Counterintelligence and Predicting Terrorism Sovereign A-Level Coursework

Pages: 3 (993 words)  ·  Bibliography Sources: 4  ·  File: .docx  ·  Level: Master's  ·  Topic: Terrorism

SAMPLE EXCERPT . . .

The subsequent ground invasions launched in Afghanistan and Iraq, predicted to achieve rousing strategic victories in a relatively short duration, offer demonstrable proof that "predicting discrete events in the future is impossible in an open and complex system" (Quiggin, 2006), while also illustrating the deficiencies of this approach to conducting counterterrorism and intelligence operations. By forming optimistic predictions about future events and tailoring national security strategy to these predictions, rather than adopting an anticipatory strategy founded on adaptability, the U.S. government unwittingly stumbled into a military quagmire, diverting invaluable resources to combat a seemingly infinite insurgency and squandering global support in the process.Download full Download Microsoft Word File
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TOPIC: A-Level Coursework on Counterintelligence and Predicting Terrorism Sovereign Assignment

While the calamitous conflicts still simmering throughout the Middle East provide conclusive proof that predicting future events is an untenable approach to counterterrorism intelligence, there are many circumstances which dictate the adoption of preventative strategy. The advent of the internet has enabled likeminded individuals across the planet to connect and exchange ideas on an instantaneous basis, allowing the once isolated realm of jihadist ideology to flourish under the cover of online anonymity. By monitoring suspicious activity through the use of wiretapping technology and other clandestine means, the intelligence community has gathered a voluminous amount of data concerning potential threats to national security, identifying key leadership figures and their proxies, and foiling several dozen attacks during the planning phase. Indeed, according to the Heritage Foundation "in 2009 alone, U.S. authorities foiled at least six terrorist plots against the United States (and) since September 11, 2001, at least 30 planned terrorist attacks have been foiled, all but two of them prevented by law enforcement" (McNeill, Carafano & Zuckerman, 2010). When a potential terrorist attack is prevented, however, it is essential that the reasons for this success be accurately identified before a false sense of security becomes firmly established. A consensus has emerged among intelligence experts that "with distributed terrorism threats such as homegrown jihadism, there is no key leadership cell and no key lines of command and communication" (Quiggin, 2006), and it is the ambiguous structure of terrorist networks which necessitates an anticipatory approach to combating threats. Even after dozens of planned attacks were prevented, Al-Qaeda and its affiliates continued to innovate, formulating plots involving "shoe-bombs," inciting Muslim military members to commit atrocities against their own army bases, and fomenting regional strife in an effort to destabilize American interests abroad. By adhering to a strictly predictive counterterrorism strategy, the intelligence community would effectively blind itself to the threats posed by these ancillary strategies, which is why the anticipatory approach is best suited for the demands of modern national security.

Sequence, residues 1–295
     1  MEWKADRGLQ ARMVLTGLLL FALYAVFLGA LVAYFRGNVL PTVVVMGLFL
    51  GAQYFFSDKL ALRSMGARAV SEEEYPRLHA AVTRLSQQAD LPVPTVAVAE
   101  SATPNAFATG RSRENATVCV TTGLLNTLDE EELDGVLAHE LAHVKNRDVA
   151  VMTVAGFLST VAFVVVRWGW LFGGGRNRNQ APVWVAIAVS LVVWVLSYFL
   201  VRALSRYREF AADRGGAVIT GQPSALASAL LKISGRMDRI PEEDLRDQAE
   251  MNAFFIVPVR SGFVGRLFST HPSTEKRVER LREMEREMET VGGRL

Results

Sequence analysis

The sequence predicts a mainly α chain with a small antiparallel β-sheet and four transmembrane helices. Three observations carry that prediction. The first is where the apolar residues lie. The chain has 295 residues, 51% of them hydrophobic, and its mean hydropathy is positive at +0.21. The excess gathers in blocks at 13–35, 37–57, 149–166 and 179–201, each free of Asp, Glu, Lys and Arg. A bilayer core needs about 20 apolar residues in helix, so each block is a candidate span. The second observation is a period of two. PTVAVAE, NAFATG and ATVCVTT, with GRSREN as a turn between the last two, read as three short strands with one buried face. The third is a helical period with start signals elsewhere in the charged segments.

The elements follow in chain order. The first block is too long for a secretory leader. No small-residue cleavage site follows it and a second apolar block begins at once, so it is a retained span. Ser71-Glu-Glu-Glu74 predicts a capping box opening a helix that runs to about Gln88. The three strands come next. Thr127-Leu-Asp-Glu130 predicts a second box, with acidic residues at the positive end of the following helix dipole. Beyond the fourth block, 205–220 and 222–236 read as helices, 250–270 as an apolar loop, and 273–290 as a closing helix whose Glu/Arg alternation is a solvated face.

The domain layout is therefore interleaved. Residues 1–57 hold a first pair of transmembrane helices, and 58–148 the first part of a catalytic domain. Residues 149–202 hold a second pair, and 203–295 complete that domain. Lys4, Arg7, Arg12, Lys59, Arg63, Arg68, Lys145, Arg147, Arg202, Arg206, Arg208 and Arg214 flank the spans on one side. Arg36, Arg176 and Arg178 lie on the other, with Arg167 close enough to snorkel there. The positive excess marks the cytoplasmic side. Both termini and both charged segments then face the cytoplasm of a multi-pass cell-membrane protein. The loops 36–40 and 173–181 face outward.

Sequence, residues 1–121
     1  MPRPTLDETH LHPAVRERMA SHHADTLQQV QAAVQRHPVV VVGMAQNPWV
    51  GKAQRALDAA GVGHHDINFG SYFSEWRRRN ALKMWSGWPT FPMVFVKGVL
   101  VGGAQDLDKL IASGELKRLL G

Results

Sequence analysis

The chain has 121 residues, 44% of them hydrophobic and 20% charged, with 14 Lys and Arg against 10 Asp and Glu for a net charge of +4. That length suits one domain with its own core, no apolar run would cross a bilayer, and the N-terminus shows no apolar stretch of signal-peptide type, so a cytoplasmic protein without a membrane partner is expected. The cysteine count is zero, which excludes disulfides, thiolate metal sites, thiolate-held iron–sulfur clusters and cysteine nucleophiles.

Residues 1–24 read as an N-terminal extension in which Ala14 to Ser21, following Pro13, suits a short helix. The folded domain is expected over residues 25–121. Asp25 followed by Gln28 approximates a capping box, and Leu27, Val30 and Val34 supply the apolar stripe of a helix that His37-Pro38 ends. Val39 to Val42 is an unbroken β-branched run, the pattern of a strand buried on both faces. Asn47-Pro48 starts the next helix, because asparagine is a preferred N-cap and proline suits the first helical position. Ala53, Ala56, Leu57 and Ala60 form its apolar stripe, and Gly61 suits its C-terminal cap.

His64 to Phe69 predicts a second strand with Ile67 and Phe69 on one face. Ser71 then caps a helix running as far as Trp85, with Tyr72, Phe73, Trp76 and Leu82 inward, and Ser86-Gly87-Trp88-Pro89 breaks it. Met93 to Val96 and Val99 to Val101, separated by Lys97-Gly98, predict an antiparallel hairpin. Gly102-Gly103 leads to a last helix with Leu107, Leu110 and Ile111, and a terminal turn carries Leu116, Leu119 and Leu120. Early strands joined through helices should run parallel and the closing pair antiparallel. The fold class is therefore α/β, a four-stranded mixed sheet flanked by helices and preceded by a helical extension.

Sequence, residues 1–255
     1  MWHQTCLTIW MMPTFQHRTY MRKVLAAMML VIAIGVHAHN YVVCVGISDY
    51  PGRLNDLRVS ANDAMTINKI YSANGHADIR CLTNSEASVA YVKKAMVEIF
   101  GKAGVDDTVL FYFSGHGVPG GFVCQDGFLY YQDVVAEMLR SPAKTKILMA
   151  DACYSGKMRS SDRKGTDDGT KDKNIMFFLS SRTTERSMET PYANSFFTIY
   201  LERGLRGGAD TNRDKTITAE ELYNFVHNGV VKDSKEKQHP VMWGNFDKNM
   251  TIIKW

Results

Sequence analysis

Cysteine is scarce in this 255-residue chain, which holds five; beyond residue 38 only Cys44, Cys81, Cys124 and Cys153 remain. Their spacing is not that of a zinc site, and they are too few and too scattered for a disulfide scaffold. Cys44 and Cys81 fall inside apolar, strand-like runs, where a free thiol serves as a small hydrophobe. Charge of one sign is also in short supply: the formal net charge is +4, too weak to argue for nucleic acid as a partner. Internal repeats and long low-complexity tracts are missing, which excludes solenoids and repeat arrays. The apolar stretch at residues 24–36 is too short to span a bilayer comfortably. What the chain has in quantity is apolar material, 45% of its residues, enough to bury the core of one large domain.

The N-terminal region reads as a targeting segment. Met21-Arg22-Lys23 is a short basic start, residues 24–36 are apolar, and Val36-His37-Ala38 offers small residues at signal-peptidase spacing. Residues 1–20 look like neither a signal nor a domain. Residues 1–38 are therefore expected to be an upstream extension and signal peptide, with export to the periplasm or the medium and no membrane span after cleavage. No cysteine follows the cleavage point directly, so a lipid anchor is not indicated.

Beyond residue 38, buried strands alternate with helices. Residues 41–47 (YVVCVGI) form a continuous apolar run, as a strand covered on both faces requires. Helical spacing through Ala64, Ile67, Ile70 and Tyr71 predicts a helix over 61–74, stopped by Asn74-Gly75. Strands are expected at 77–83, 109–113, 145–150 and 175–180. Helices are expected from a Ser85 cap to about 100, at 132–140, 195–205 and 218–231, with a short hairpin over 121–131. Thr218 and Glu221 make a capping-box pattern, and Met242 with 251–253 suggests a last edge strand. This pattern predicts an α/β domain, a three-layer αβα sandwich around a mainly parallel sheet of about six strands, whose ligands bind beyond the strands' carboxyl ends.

References

Kluger, Jeffrey. "Why We Worry About The Things We Shouldn't And Ignore The Things

We Should." TIME Magazine, November 26, 2006, http://ksuweb.kennesaw.edu/~shagin/080923risk.pdf (accessed February 16, 2013).

McNeill, Jenna B., James J. Carafano and Jessica Zuckerman. "30 Terrorist Plots Foiled: How

the System Worked." The Heritage Foundation Backgrounder # 2405, 11-19, http://www.heritage.org/research/reports/2010/04/30-terrorist-plots-foiled-how-the-system-worked (accessed February 15, 2013).

Quiggin, Thomas. Seeing the Invisible: National Security Intelligence in… [END OF PREVIEW] . . . READ MORE

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